Well, beyond amplifying the voices of the community, this opportunity gives us the chance to listen. Nowadays we have all of these platforms to immediately deliver ideas, content and art to, but we don’t connect with people to the point where they would share their feedback with us or become extremely personal with each other. others. Today more than ever there is this false sense of isolation, rooted in the fact that we don’t listen to each other. So, by listening to others more closely, intimately, we will begin to rethink the things we say, as we learn to connect with other realities and the experiences of others. This is where writing comes in, as a profession that transcends people’s thoughts around these topics.

I had the same question from the museum. [Laughs] Poetry is an instrument to question our use of language and words, and in doing so, we question our reality. Most people think of poetry to be a very subtle and harmless genre. On the contrary, it is very political and disruptive, as it seeks to change a reader’s perspective on life. We change our reality when we start to think things differently, to name these thoughts in a different way, and as a result, we understand other realities better and create new ones. So we will listen and learn through writing. It’s a social experience.

The museum did not choose a migrant Latino artist at random. The museum is afraid because it deeply questions its identity and its purpose. It is a century-old institution based 100% on colonialism, when white men dictated the narrative around an object they stole and took from others. Now that we are learning to decolonize our identities and question authority, migrants, Latinos and other members of the American community hold these great institutions like the museum to account, causing them to collapse, adapt or reframe.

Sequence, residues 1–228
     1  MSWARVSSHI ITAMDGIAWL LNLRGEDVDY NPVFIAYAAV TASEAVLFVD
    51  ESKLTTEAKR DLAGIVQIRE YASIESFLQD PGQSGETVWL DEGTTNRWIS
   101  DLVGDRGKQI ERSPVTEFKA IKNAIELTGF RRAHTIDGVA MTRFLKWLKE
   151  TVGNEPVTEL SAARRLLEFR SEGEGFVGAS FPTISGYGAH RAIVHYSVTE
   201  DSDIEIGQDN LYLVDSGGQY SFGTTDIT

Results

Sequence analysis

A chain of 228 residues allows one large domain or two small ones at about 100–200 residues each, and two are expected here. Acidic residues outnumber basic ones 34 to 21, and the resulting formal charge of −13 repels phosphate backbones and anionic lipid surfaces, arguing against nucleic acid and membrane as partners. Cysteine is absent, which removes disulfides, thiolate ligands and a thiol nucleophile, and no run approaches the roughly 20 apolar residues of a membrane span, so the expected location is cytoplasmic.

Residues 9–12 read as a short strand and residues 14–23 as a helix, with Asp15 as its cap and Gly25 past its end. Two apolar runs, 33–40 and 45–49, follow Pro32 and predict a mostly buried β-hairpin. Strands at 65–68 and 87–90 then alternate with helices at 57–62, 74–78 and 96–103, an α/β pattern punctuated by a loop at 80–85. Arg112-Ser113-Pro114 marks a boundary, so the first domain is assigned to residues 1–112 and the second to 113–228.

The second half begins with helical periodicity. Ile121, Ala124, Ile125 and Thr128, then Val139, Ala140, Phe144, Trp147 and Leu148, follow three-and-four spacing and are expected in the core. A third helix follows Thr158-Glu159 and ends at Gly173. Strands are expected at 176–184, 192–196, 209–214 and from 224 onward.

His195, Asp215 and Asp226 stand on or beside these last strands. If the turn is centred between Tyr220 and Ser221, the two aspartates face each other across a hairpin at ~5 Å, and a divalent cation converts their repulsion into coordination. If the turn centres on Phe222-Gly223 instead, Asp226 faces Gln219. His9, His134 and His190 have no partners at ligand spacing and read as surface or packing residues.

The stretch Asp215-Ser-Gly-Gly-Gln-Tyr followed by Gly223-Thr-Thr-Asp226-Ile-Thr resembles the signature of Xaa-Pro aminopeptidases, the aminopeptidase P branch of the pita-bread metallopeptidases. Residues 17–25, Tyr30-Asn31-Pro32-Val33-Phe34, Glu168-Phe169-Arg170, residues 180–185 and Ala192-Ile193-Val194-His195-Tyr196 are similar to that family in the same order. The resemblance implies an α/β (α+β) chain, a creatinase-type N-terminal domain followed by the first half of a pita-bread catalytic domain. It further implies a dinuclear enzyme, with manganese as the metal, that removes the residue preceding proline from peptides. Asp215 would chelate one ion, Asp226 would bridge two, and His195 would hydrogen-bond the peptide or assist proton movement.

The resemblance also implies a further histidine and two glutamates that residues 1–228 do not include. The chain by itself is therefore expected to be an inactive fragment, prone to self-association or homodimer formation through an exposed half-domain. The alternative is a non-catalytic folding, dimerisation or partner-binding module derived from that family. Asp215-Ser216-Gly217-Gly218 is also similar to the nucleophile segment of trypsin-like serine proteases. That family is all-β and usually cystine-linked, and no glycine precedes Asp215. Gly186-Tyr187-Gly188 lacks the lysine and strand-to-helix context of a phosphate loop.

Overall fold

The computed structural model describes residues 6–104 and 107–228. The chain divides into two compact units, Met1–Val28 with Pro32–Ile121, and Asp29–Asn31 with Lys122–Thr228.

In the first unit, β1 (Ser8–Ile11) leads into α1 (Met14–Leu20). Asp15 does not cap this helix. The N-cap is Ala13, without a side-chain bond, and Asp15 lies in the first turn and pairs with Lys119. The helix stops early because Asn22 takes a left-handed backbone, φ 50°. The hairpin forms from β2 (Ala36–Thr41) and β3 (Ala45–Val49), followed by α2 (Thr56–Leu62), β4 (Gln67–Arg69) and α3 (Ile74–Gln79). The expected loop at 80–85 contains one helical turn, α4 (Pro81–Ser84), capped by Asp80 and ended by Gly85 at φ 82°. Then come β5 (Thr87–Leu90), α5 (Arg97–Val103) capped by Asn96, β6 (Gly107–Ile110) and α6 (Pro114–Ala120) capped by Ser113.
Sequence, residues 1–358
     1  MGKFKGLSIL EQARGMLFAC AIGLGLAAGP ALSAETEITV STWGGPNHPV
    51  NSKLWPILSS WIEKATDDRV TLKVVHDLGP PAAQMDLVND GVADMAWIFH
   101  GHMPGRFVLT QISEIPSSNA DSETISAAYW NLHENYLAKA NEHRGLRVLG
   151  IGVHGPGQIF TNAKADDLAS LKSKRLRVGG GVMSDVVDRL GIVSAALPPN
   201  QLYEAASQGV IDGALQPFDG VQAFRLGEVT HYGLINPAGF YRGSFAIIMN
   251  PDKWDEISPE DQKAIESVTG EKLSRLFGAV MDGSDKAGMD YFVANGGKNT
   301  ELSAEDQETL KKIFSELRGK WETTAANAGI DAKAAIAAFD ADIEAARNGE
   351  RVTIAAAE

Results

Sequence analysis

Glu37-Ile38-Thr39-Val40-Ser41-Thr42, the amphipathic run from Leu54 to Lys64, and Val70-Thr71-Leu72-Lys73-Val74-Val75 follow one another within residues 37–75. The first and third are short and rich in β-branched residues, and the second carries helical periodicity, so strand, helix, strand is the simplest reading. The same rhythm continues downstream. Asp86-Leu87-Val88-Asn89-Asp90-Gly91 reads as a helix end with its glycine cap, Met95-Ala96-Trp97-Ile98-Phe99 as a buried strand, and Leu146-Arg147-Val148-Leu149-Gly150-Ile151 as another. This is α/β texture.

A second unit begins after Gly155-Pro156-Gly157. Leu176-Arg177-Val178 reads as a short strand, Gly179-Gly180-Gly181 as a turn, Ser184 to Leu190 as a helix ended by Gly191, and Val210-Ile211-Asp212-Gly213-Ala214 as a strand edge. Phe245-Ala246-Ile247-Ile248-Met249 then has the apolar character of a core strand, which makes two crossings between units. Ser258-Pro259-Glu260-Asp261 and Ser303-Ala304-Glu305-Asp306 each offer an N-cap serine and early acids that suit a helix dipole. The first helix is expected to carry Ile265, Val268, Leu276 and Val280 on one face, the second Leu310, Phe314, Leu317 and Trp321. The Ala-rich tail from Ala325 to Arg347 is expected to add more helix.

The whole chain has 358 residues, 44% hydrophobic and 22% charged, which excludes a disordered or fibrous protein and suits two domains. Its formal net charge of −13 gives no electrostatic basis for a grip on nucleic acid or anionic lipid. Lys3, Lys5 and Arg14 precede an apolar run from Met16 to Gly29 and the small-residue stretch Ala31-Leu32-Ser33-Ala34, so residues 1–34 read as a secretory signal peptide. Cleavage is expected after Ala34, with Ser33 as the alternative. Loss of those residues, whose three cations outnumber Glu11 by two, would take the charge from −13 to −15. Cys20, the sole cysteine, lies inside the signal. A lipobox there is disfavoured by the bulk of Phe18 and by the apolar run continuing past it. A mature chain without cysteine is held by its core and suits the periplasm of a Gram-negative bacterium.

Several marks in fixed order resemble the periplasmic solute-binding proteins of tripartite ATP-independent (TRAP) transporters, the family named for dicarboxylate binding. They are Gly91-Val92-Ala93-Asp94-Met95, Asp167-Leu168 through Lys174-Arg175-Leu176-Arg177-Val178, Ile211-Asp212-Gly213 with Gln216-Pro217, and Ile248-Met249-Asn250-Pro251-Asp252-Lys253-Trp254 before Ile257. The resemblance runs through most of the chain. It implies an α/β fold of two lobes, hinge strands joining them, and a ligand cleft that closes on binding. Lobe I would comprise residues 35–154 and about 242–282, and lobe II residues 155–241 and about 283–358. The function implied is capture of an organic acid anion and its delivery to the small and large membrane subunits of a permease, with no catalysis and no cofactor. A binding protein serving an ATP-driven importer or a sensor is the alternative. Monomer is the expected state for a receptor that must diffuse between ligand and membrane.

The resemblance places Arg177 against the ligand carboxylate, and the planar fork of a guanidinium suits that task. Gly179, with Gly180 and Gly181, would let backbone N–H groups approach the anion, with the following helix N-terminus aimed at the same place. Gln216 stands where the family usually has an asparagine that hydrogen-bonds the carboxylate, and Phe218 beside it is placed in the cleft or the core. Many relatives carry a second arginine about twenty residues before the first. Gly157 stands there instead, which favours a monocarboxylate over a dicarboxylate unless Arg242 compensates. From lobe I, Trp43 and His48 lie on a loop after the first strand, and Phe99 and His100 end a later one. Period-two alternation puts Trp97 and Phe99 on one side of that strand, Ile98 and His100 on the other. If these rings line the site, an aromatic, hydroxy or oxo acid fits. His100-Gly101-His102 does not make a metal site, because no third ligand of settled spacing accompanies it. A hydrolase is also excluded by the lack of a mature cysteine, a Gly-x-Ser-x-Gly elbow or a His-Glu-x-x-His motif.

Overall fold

It would have been a huge blow to society if the museum had not had the courage to appoint an artist who had independent experience to criticize them deeply. This uncomfortable circumstance of questioning the identity of the museum is what it takes to make a difference. Because when we stagnate, we perish over time. Identity is a river not a lake. So when the museum questions its identity and communities question their identity, there is a strong connection that could lead to a real conversation about who we are and where we are headed.

I have the great responsibility of building bridges and roads. We tend to create all of these walls around us instead of imagining the ways we can connect. We know that communities are not static. They can be created anywhere and transformed in many ways. That’s what I’m here for.

Community leaders play an essential role here. They have been feeding and helping community members for a very long time, so no one has a better sensitivity than them. With their support, we have put in place the logistics and programming necessary to host the free poetry workshops and open houses in Spanish that we look forward to offering. I am really excited about the book we look forward to publishing with the poems we produce during the workshops.

The most important of all goals is to encourage people to transcend fearlessly. Do not be afraid of poetry, opinions and criticisms of others, our past and our history. We all take risks with this residency program, as we question our identities and open ourselves to this dialogue and its uncomfortable feedback. If we are to meet at some point along the path, we must all follow the path.